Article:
I like the idea of using more threads, Jim Brierley is pretty sharp, and is a racer himself as you know. If you are as close as .001, and are using more threads, and maybe try the thread repair epoxy, and use blue Loctite, and mark the torqued assembly with the white marking pen as suggested (we use those pens here like crazy) so you can monitor if it is loosening, then I think you have done all you can.

          If all the vendors are selling this same puller, where you cannot put the nut on backwards, then that is a whole separate issue. They are very inadequate for the job, and a lot of people are gonna have the same problem. Some clubs have the correct puller that they loan out.

          Some owners have turned the damaged threads down to 9/16. That is not easy to do at all, and I am not really fond of the idea, because these threads should have been 3/4" in the first place, which is the size used by competing cars of the era and beyond

          Good luck
          Last edited by tbirdtbird; 11-09-2017, 12:39 PM.

          Comment


          • #7
            Mitch, and Tom: Yes the nut face is the same diameter as the hub face and I am inclined not to use a washer. Dawizara and Plyfor: I will take a look at the possibility of notching the end of the nut for a roll pin. or a cotter pin. I wont know until I start putting things back together. right now all 8 shoes are off being relined, but that's another post. TbirdTbird, Dave always good to hear from you. I will look up the Permatex product. Do you think the original JB weld with steel in the threads as I tourq the nuts down would be overkill? I am with you 9/16 is going too small. Ill post a follow up as put things back together carolinamudwalker

            Comment


            • tbirdtbird
              tbirdtbird commented
              Editing a comment
              Bob, is that you?
              in this shop for whatever reason, JB weld never did anything it was supposed to, we gave up on it. If I used anything it would be the Loctite or Permatex high-grade epoxy that Tom W put us onto, it was made for the purpose. I would look up the instruction sheet on-line first before buying it. The kit I bought was only 20 bucks. You are not bonding the 2 threads together, you are filling in empty space. One side gets a release agent. I'd still use blue Loctite because you can never hurt anything with that product, you have nothing to lose. I have no personal use with these products, only going on what Tom W said a while back. Keep us posted, you are in uncharted waters....unfortunately
              Last edited by tbirdtbird; 11-09-2017, 05:09 PM.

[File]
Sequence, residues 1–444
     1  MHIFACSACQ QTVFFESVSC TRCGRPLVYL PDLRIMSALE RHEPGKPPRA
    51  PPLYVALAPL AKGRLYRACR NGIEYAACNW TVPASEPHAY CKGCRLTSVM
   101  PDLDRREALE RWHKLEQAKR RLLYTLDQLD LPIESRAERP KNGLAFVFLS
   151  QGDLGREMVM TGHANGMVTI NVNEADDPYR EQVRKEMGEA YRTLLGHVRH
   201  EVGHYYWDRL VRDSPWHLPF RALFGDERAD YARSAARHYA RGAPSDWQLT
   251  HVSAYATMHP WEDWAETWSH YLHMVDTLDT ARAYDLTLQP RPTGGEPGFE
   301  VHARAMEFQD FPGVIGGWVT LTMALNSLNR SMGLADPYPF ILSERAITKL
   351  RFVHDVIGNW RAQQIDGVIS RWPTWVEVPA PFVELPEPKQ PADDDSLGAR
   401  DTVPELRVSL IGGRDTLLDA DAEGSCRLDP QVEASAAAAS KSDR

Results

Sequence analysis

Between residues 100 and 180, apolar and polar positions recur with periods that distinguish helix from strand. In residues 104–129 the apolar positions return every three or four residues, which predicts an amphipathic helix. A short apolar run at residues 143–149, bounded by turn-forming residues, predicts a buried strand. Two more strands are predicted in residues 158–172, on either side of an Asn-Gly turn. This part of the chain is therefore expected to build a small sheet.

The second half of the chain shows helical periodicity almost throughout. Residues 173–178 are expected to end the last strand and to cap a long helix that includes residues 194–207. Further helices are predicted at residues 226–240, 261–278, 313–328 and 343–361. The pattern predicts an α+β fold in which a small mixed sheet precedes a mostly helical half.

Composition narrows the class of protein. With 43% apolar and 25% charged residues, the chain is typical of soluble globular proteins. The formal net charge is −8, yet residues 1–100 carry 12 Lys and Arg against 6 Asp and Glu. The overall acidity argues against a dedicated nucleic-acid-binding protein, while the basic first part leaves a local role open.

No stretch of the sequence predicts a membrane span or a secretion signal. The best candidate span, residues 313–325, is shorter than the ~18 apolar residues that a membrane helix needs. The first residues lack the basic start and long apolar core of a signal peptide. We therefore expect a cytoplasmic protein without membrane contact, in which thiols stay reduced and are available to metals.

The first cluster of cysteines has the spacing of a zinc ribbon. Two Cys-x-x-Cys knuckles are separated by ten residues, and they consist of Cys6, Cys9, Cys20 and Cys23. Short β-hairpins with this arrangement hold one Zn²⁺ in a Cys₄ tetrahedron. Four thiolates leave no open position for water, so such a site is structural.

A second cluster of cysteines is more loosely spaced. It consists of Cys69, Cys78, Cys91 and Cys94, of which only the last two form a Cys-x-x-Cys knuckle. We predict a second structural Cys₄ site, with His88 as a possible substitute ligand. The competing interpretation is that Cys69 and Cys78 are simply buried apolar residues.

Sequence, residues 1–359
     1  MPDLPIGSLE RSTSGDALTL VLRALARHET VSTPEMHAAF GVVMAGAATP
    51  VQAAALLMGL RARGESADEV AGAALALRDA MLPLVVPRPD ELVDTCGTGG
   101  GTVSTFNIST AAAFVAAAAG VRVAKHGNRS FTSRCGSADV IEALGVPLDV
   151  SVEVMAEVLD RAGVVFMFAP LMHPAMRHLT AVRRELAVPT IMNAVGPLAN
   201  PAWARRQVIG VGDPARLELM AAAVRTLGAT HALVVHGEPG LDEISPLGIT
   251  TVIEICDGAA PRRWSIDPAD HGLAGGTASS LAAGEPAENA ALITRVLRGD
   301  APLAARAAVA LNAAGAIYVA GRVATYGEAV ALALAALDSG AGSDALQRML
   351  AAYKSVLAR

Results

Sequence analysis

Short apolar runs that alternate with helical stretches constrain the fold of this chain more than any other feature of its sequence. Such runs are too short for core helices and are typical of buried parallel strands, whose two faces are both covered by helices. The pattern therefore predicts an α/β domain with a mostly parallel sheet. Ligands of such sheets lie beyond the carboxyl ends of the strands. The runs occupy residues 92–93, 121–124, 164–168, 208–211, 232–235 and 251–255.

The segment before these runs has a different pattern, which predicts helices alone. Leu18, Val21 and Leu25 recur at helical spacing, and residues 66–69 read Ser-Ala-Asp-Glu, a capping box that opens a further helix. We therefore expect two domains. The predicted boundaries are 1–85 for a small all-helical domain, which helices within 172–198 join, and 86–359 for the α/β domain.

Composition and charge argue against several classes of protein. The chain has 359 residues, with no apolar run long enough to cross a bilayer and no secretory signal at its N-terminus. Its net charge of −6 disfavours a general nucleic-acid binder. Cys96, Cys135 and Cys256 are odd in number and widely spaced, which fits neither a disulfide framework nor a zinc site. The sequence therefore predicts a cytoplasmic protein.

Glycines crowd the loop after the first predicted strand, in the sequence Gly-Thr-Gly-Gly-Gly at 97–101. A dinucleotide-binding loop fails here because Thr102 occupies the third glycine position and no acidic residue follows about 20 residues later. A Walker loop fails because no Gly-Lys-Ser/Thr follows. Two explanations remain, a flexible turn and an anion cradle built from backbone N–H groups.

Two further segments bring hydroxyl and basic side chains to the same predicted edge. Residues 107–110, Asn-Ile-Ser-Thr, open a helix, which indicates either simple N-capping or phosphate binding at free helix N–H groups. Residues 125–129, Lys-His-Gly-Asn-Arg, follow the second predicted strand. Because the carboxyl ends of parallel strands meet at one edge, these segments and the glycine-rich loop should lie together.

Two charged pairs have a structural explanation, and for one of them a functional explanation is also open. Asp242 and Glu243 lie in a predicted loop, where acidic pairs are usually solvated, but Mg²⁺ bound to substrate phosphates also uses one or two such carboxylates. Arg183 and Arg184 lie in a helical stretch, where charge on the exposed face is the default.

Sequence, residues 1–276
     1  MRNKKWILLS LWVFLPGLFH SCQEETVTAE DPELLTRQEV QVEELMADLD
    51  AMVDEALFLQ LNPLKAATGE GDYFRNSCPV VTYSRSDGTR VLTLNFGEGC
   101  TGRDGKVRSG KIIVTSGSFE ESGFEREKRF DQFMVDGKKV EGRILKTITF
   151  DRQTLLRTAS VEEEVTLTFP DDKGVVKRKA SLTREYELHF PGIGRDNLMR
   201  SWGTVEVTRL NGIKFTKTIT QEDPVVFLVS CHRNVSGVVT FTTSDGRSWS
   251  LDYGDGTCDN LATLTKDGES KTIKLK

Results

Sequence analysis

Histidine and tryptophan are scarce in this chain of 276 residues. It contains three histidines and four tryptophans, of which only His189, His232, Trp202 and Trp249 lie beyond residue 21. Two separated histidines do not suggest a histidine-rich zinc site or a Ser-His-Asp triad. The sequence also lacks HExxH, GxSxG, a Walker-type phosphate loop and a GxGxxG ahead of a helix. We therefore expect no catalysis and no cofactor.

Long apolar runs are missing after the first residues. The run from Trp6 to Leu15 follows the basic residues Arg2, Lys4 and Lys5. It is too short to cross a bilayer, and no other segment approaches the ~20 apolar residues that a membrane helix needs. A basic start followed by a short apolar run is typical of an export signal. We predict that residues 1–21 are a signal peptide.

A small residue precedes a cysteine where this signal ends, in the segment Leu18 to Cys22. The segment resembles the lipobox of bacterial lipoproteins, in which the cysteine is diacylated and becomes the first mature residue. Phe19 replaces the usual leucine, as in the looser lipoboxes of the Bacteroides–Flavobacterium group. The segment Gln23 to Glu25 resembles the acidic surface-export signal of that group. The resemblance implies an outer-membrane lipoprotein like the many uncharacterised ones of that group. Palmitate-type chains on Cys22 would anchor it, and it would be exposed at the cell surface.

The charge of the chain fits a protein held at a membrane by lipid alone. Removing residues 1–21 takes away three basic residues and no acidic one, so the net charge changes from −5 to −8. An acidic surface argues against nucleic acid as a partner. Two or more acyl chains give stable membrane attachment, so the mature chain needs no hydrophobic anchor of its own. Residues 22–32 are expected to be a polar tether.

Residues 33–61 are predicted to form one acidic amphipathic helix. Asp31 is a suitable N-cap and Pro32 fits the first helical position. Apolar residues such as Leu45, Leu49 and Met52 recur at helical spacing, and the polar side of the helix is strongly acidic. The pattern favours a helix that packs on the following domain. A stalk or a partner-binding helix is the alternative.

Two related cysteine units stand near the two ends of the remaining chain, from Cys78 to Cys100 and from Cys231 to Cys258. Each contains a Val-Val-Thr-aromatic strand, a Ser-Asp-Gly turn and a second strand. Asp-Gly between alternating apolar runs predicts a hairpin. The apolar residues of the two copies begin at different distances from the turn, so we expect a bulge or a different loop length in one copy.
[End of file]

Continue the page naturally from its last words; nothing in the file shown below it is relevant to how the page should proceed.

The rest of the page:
• #8
            Don't use the washer or anything on the threads
            my 1/2 cent
            3 ~ Tudor's
            Henry Ford said
            "It's all nuts and bolts"


            Mitch's Auto Service ctr

            Comment


            • #9
              Dave pretty well said what I would have posted. I seem to recall the product I used was a Loctite product made to repair stripped threads. The mirror on my 1960 BMW R-60 had stripped threads where it screwed into the aluminum housing for the hand clutch. It worked fine for my purpose, but the axle threads take a lot more torque. Other guys have said they did the 9/16" repair and it worked for them, so I'd give it a try, but I'd stop at 100 foot pounds torque. I'd most likely use a bit of liquid thread lock rather than drill the nut and loose some thread. I guess since the thread of a drilled nut would be over the hole already in the axle, it isn't adding to the grip anyway, so go with your choice. As Dave said, to drill a super hard nut could be a tough job.

              Comment


              • #10
                Originally posted by Tom Wesenberg View Post
                I too would skip the washer. I would use the white out pens from Dollar Tree to put a white dot on the nut, and a dot on the hub, to see if the nut moves.

                Those pens are 2 for $1 and have a small ball bearing tip to dispense a very quick drying white paint.
                These are ideal for marking wires, and a timing mark on the pulley edge, so you know when TDC is coming up.
                Update, I bought two white out pens for a dollar a month ago, and now they doubled the price, because you only get one on the card for a dollar.

                Comment


                • #11
                  Update: My turned down axle @ 9/16 is still holding the wheel on at 600 miles so far.

                  Comment

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                    As you may remember, I buggered up the threads on my rear axles ( yes both of them, I'm stubborn) using the cheap puller sold by all the venders. For those that suggested putting the nut back on, that wont work with this puller as the axle goes up inside the puller. I have chased the threads and now new castellated...